Table of content A-Z

 

pomegranate

 

Botanical name: Punica granatum


Granatapfel

 

The pomegranate originally came from Persia, where it was cultivated as early as 2000 b.c. Today it is grown in the Mediterranean area, in California, Brazil, and other tropical or subtropical countries. The pomegranate prefers cool winters and hot, dry summers.

 

Availability

Pomegranates are imported to Germany mainly from September to December.

 

Appearance, taste, characteristics

The pomegranate is the size of an apple, slightly onion-shaped and angular. On the top is the receptacle, which sits like a small crown on the pomegranate. The skin is leathery and yellow-brown to deep red, depending on the variety. Inside there are segments that contain a large number of seeds. These are surrounded by a shiny white or red pulp, which tastes crisply sweet-tart. The flavour is reminiscent of red currants.

 

Ingredients

100 g contain:

 

 

Pomegranate, fresh

Energy (kcal)

78

Water (g)

79

Protein (g)

1

Fat (g)

1

Carbohydrates (g)

17

Fibre (g)

2

Vitamin C (mg)

7

Vitamin A (RE) (µg)

7

Folic acid (µg)

7

Potassium (mg)

290

Sodium (mg)

7

Calcium (mg)

8

Magnesium (mg)

3

Iron (mg)

0.5

 

Quality criteria, optimal storage conditions

A sign of ripeness is the colour of the skin, which should be yellow or red according to the variety. Pomegranates do not ripen after harvesting and if they are picked unripe, they are dissatisfying in flavour. They are not sensitive and are easy to transport. The hard skin is an excellent protection for the interior. Fresh fruits will keep for 1-2 weeks at room temperature. The skin shrivels somewhat, but the interior remains fresh.

 

Form of consumption, use, processing, practical tips for preparation

The pulp is good to eat. The seeds may be spit out or eaten, as preferred. It is not at all easy to remove the pulp-covered seeds from the pomegranate, but there are several ways to do it:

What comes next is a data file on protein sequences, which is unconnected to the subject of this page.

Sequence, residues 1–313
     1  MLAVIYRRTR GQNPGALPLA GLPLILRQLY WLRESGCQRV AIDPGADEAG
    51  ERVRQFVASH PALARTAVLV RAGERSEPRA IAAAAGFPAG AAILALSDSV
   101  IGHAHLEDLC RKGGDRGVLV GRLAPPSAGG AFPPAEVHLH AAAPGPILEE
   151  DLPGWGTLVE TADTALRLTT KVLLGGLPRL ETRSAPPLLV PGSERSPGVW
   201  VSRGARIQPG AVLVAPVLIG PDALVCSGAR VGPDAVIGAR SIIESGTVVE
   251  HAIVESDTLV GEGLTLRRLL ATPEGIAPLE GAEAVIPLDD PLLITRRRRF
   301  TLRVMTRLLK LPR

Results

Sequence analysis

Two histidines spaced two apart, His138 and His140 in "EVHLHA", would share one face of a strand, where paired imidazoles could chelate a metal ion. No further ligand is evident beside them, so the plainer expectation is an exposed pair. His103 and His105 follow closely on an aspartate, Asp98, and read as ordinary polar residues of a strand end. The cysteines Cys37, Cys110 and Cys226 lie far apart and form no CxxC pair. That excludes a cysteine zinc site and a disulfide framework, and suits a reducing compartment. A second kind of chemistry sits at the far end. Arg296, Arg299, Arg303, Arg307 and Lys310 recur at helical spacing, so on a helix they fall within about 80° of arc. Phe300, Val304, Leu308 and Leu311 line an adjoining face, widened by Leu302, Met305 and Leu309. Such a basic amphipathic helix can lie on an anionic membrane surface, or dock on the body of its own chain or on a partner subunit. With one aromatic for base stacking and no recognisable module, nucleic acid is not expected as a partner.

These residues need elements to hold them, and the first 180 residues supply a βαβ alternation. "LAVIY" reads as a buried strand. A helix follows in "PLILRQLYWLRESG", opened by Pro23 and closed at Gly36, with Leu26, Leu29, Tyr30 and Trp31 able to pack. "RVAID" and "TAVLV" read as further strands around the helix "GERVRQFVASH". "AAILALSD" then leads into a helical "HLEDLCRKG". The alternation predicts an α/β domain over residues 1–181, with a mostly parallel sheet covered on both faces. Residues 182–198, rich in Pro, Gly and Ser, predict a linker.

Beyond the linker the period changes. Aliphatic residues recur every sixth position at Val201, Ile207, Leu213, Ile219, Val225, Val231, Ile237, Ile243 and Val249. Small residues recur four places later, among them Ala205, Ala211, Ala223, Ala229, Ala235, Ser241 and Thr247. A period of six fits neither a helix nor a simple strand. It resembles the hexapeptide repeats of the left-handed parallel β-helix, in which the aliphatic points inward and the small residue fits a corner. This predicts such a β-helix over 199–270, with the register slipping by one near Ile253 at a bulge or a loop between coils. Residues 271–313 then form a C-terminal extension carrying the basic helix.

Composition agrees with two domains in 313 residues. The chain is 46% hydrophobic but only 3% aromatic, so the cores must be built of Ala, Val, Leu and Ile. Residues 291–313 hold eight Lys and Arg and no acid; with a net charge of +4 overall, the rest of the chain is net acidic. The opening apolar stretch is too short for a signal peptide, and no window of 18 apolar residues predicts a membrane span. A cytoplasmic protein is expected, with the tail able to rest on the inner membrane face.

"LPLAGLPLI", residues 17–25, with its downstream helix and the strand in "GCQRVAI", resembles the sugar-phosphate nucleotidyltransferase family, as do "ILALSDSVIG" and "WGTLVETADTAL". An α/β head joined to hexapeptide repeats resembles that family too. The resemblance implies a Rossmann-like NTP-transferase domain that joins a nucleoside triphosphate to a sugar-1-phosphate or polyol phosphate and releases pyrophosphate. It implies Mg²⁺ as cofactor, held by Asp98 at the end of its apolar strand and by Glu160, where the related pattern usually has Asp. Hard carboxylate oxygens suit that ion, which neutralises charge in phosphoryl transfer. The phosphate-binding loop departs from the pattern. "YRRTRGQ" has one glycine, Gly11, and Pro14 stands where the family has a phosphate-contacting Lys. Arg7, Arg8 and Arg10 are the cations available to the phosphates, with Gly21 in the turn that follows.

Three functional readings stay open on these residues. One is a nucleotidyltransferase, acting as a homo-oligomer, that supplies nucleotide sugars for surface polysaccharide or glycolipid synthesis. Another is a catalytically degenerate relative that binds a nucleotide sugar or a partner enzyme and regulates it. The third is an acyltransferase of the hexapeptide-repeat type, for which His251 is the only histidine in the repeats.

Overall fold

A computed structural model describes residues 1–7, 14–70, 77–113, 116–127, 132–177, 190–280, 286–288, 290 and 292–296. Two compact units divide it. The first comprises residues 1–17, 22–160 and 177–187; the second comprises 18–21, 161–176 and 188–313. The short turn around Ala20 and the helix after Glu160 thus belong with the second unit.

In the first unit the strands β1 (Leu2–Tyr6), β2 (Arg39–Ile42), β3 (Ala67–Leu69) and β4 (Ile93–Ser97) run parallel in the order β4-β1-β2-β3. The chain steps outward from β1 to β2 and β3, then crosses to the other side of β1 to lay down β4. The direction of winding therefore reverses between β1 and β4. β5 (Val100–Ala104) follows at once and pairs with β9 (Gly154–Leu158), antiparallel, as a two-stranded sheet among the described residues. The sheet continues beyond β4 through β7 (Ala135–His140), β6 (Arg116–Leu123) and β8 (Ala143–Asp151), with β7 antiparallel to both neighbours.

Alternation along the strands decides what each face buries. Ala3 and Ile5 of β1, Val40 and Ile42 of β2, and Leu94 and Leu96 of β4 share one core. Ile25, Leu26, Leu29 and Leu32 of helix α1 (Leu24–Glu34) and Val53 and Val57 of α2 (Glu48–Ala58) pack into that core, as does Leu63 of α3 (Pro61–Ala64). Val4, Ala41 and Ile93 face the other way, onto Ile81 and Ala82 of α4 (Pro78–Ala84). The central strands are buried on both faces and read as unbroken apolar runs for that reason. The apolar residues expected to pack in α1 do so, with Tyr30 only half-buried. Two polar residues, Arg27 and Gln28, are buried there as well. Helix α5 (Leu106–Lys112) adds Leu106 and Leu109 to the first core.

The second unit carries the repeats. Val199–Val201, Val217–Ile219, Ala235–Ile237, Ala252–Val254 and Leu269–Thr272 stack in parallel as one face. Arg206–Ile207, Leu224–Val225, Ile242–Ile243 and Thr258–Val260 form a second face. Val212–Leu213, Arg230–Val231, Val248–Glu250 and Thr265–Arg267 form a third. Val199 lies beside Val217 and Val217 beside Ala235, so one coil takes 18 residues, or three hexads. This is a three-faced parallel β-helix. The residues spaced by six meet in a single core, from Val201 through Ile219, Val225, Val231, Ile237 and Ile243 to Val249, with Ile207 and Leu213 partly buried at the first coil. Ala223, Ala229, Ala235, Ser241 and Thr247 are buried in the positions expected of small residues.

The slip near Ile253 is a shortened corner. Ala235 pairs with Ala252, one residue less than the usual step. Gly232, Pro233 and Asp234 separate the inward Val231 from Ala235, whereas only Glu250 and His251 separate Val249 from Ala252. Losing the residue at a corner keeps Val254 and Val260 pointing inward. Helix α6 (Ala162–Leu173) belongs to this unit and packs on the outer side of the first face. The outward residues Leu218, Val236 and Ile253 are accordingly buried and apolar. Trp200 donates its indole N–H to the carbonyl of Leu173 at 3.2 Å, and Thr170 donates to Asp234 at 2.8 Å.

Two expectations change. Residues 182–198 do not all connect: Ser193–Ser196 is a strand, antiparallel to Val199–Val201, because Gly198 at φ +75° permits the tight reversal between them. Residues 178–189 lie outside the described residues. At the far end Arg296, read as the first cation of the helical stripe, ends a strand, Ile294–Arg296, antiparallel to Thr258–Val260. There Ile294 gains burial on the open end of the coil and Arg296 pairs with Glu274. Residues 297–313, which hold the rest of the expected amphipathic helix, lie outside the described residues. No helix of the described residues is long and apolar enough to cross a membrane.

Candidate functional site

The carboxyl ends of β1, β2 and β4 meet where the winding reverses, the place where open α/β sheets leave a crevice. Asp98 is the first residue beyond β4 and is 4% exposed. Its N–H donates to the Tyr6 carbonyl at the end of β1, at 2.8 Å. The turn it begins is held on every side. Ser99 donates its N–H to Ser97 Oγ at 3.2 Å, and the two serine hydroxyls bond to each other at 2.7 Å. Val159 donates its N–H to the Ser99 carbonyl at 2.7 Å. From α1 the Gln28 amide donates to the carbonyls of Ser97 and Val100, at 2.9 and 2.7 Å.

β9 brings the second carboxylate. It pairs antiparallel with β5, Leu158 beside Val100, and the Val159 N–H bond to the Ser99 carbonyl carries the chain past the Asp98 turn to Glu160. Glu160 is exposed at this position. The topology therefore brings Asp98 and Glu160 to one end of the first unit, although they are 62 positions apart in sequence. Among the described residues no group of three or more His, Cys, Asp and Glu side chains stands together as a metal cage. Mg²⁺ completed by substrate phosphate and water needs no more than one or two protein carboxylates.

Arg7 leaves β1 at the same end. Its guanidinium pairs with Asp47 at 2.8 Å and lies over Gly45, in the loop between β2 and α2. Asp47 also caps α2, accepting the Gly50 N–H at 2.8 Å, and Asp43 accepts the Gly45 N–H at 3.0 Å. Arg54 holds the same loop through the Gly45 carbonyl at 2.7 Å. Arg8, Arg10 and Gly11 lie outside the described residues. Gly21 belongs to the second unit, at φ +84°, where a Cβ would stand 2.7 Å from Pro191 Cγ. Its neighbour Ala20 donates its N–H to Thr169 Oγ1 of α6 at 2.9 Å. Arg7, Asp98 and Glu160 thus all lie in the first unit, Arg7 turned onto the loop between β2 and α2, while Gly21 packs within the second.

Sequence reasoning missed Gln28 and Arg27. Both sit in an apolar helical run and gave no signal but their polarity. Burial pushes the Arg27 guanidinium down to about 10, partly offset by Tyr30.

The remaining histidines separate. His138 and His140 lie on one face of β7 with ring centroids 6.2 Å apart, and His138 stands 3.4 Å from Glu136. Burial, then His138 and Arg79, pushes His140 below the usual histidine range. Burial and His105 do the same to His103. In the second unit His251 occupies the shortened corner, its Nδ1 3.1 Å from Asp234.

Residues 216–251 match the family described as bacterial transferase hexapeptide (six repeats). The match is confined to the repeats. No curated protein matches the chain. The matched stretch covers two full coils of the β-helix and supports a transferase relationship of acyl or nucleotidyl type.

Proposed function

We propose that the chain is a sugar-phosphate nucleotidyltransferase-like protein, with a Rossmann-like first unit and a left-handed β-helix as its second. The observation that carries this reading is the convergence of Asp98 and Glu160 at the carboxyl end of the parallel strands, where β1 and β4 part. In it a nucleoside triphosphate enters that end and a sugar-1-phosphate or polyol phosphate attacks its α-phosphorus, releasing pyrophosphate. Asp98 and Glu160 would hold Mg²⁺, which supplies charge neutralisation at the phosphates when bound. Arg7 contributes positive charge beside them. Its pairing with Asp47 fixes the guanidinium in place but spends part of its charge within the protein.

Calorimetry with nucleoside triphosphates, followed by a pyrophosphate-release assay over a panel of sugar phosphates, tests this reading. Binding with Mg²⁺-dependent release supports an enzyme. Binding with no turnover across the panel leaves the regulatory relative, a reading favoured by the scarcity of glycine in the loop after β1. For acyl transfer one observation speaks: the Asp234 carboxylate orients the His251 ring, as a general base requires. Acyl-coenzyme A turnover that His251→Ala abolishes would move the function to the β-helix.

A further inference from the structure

* Quarter the pomegranate vertically and bend the ends of each quarter apart over a bowl. The seeds will fall out.

 

* You can cut the fruit in half and knock on the upside-down halves with a spoon, so that the seeds are loosened.

 

* Another trick is to quarter the fruit and to remove the seeds completely with your fingers in a bowl of water. The lighter pieces of skin swim on the top and can be skimmed off.

 

* You may also halve the fruit and spoon out the pulp.

 

Pomegranate seeds make a good decoration; they add an attractive touch of red to fruit salads, desserts or ice cream. Green salads can also be sprinkled with the seeds.

 

It is popular to extract the juice from the pulp. They are several ways to do this:

 

* You can roll the pomegranate back and forth on a hard surface with firm pressure. While this is being done the pomegranate should make a real cracking sound. Then cut a small opening in the pomegranate and press the juice through this opening into a glass.

 

* You can also remove the seeds from the fruit and then press them with a spoon in a sieve.

 

* A juice extractor is another alternative for obtaining the juice from the already halved fruits. However, it can happen that the seeds are also crushed and that bitter substances get into the juice.

 

Pomegranate syrup is produced industrially and sold as grenadine. It is used for cocktails and refreshment beverages. In addition to pomegranate juice being added to sorbets, jellies and drinks, it is used in making marinades for game and poultry dishes.

 

Miscellaneous

- Pomegranate juice can leave stubborn stains on clothing, so be careful if you are extracting the juice. The high tannin content is responsible.

 

- The Spanish city of Granada owes its name to this fruit.

 

- Very few people are aware of the fact that the pomegranate served as a model for the famous onion pattern on porcelain.

 

- The pomegranate was a symbol of fertility in Greek mythology.

 

 

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  With the website www.the-green-pantry.com the Fritz Terfloth Foundation of Münster offers consumers independent and competent information about plant foods and their health effects. All texts are subject to German copyright law. Information about the conditions for use of the texts by third parties can be found here.


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